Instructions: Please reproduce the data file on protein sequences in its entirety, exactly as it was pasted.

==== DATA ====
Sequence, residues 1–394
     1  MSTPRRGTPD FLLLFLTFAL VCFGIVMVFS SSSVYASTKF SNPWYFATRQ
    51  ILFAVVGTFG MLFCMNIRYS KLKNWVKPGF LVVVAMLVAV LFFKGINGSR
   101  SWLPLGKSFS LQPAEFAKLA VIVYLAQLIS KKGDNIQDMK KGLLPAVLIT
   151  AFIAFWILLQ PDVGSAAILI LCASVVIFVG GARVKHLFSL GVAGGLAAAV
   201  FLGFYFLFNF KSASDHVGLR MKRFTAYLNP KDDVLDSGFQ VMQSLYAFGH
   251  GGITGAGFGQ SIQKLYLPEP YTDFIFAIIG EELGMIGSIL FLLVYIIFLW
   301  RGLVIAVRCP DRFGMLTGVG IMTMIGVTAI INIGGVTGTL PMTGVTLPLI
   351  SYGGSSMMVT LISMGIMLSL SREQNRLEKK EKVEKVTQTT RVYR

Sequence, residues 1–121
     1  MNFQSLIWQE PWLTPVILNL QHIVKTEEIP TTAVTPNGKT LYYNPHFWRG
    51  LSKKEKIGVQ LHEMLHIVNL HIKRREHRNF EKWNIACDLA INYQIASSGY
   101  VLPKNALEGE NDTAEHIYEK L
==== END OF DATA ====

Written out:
Sequence, residues 1–394
     1  MSTPRRGTPD FLLLFLTFAL VCFGIVMVFS SSSVYASTKF SNPWYFATRQ
    51  ILFAVVGTFG MLFCMNIRYS KLKNWVKPGF LVVVAMLVAV LFFKGINGSR
   101  SWLPLGKSFS LQPAEFAKLA VIVYLAQLIS KKGDNIQDMK KGLLPAVLIT
   151  AFIAFWILLQ PDVGSAAILI LCASVVIFVG GARVKHLFSL GVAGGLAAAV
   201  FLGFYFLFNF KSASDHVGLR MKRFTAYLNP KDDVLDSGFQ VMQSLYAFGH
   251  GGITGAGFGQ SIQKLYLPEP YTDFIFAIIG EELGMIGSIL FLLVYIIFLW
   301  RGLVIAVRCP DRFGMLTGVG IMTMIGVTAI INIGGVTGTL PMTGVTLPLI
   351  SYGGSSMMVT LISMGIMLSL SREQNRLEKK EKVEKVTQTT RVYR

Sequence, residues 1–121
     1  MNFQSLIWQE PWLTPVILNL QHIVKTEEIP TTAVTPNGKT LYYNPHFWRG
    51  LSKKEKIGVQ LHEMLHIVNL HIKRREHRNF EKWNIACDLA INYQIASSGY
   101  VLPKNALEGE NDTAEHIYEK L